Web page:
Metabolic profiling of plasma amino acids shows that histidine increases following the consumption of pork

Samir Samman*, Ben Crossett, Miles Somers, Kirstine J. Bell, Nicole T. Lai, David R. Sullivan, Peter Petocz

*Corresponding author for this work

    Research output: Contribution to journalArticlepeer-review

    4 Citations (Scopus)
    13 Downloads (Pure)


    Amino acid (AA) status is determined by factors including nutrition, metabolic rate, and interactions between the metabolism of AA, carbohydrates, and lipids. Analysis of the plasma AA profile, together with markers of glucose and lipid metabolism, will shed light on metabolic regulation. The objectives of this study were to investigate the acute responses to the consumption of meals containing either pork (PM) or chicken (CM), and to identify relationships between plasma AA and markers of glycemic and lipemic control. A secondary aim was to explore AA predictors of plasma zinc concentrations. Ten healthy adults participated in a postprandial study on two separate occasions. In a randomized cross-over design, participants consumed PM or CM. The concentrations of 21 AA, glucose, insulin, triglycerides, nonesterified fatty acids, and zinc were determined over 5 hours postprandially. The meal composition did not influence glucose, insulin, triglyceride, nonesterified fatty acid, or zinc concentrations. Plasma histidine was higher following the consumption of PM (P=0.014), with consistently higher changes observed after 60 minutes (P,0.001). Greater percentage increases were noted at limited time points for valine and leucine + isoleucine in those who consumed CM compared to PM. In linear regression, some AAs emerged as predictors of the metabolic responses, irrespective of the meal that was consumed. The present study demonstrates that a single meal of PM or CM produces a differential profile of AA in the postprandial state. The sustained increase in histidine following the consumption of a PM is consistent with the reported effects of lean pork on cardiometabolic risk factors.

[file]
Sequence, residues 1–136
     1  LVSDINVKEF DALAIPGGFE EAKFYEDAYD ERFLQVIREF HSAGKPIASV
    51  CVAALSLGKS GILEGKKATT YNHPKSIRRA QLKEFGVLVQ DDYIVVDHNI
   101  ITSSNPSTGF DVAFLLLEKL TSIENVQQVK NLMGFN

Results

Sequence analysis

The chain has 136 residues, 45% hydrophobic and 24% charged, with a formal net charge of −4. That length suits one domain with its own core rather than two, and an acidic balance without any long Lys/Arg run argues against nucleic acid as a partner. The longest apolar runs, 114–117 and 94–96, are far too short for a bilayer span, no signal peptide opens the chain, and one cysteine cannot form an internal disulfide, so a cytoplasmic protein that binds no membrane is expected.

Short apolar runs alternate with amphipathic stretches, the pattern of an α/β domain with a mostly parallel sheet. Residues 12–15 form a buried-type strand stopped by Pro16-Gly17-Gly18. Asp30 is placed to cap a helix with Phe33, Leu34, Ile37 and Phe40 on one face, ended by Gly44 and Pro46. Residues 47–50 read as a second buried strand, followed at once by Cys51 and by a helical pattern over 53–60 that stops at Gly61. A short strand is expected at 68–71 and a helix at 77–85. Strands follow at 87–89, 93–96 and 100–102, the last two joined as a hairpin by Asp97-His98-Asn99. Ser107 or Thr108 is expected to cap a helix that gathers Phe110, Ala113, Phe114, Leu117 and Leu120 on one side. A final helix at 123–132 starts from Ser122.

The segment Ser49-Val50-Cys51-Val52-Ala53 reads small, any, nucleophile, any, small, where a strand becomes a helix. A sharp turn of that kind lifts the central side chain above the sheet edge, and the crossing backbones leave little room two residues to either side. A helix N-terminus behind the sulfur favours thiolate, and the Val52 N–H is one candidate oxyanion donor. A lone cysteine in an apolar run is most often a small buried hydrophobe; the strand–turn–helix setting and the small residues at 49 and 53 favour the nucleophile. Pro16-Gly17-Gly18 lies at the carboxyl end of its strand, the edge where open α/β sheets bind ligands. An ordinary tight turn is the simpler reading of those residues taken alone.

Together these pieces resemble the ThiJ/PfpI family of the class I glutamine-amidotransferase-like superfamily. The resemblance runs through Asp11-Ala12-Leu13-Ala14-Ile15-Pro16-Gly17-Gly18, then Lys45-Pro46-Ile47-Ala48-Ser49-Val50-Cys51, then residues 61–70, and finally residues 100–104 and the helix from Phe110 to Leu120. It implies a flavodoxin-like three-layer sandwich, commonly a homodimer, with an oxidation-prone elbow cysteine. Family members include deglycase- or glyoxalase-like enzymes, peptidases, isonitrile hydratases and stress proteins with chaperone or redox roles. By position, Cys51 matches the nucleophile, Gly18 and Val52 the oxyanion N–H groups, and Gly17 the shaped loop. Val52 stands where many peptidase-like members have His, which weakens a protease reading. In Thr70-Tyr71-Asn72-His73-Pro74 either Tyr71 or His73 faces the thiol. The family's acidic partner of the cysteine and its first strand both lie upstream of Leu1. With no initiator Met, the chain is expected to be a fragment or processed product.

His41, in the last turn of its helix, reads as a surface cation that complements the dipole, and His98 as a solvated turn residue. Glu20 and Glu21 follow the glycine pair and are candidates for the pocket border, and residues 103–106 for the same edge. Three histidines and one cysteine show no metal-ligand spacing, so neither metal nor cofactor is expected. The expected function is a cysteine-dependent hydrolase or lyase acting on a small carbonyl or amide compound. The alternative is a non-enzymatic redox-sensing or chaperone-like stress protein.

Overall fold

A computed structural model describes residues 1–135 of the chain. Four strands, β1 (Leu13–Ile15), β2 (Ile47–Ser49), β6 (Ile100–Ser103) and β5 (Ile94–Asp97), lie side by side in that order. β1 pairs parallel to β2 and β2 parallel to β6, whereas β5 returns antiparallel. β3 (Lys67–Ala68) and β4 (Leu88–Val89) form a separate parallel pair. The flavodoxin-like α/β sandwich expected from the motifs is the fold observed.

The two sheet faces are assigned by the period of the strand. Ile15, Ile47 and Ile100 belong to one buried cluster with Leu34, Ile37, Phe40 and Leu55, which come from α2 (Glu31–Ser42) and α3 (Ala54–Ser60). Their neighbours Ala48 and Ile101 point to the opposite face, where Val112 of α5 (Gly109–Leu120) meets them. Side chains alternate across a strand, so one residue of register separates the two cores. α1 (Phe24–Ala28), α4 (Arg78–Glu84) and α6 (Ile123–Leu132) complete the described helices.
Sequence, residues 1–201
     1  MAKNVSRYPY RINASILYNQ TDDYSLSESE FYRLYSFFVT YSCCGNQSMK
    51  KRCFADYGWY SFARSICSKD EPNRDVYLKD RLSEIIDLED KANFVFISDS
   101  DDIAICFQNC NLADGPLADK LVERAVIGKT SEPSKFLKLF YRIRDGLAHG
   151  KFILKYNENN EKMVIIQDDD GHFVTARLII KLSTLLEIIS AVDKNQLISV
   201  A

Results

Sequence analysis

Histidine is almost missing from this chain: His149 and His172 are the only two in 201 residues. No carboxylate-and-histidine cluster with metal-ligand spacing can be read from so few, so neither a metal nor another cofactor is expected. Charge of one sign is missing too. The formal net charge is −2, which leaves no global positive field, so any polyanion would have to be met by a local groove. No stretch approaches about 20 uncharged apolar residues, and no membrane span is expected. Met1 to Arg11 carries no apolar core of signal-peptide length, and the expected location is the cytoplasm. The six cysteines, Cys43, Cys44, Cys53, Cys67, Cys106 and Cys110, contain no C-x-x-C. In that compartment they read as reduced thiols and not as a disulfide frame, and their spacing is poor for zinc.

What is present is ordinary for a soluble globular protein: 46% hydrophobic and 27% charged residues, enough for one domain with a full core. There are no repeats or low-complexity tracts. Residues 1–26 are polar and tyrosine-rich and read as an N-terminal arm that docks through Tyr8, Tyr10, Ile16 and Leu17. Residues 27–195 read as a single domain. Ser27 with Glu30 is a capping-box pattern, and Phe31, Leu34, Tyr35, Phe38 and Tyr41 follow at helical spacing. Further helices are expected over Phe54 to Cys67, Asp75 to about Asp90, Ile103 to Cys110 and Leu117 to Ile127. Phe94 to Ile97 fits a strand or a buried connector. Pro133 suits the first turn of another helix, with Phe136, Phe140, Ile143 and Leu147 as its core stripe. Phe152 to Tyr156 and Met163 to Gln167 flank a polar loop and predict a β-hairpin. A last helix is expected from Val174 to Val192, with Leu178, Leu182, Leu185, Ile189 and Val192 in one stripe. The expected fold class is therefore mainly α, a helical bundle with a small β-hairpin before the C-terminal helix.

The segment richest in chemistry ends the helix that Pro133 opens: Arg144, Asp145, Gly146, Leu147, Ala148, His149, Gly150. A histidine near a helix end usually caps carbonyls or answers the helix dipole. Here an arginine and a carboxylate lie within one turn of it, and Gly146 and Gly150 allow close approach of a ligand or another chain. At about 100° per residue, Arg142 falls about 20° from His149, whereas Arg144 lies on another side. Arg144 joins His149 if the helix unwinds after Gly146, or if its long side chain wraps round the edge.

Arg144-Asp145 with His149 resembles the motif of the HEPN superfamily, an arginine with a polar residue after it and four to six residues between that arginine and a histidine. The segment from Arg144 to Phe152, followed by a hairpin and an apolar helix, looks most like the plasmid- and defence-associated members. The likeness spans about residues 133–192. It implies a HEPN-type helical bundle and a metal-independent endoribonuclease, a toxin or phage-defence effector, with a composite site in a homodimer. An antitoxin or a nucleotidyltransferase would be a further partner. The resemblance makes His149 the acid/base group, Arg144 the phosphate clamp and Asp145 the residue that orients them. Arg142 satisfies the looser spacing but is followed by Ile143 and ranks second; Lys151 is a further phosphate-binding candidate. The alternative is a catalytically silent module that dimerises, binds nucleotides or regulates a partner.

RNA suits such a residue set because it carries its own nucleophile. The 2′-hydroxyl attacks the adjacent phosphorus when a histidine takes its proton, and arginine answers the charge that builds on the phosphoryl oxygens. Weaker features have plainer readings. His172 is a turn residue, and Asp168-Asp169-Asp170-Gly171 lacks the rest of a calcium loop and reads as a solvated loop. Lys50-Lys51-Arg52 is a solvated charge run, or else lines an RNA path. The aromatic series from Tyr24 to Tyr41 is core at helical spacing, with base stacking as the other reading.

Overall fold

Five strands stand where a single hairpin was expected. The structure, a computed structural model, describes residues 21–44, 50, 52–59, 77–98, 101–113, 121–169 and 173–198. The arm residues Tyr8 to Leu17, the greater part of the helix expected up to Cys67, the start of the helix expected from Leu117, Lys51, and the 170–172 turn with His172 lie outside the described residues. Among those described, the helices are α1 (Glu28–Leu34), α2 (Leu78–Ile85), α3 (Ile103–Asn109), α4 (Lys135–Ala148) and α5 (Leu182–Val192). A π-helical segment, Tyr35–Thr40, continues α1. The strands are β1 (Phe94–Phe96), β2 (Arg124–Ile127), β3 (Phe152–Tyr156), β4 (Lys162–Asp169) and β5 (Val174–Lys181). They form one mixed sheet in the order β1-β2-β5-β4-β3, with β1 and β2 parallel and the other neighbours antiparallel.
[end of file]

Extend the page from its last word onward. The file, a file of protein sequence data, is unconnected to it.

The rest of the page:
Original languageEnglish
    Pages (from-to)203-210
    Number of pages8
    JournalDiabetes, Metabolic Syndrome and Obesity: Targets and Therapy
    Publication statusPublished - 19 Jun 2014

    Bibliographical note

    Copyright the Author(s) 2014. Version archived for private and non-commercial use with the permission of the author/s and according to publisher conditions. For further rights please contact the publisher.


    • Amino acid
    • Glucose
    • Insulin
    • Nonesterified fatty acids
    • Triglycerides
    • Zinc


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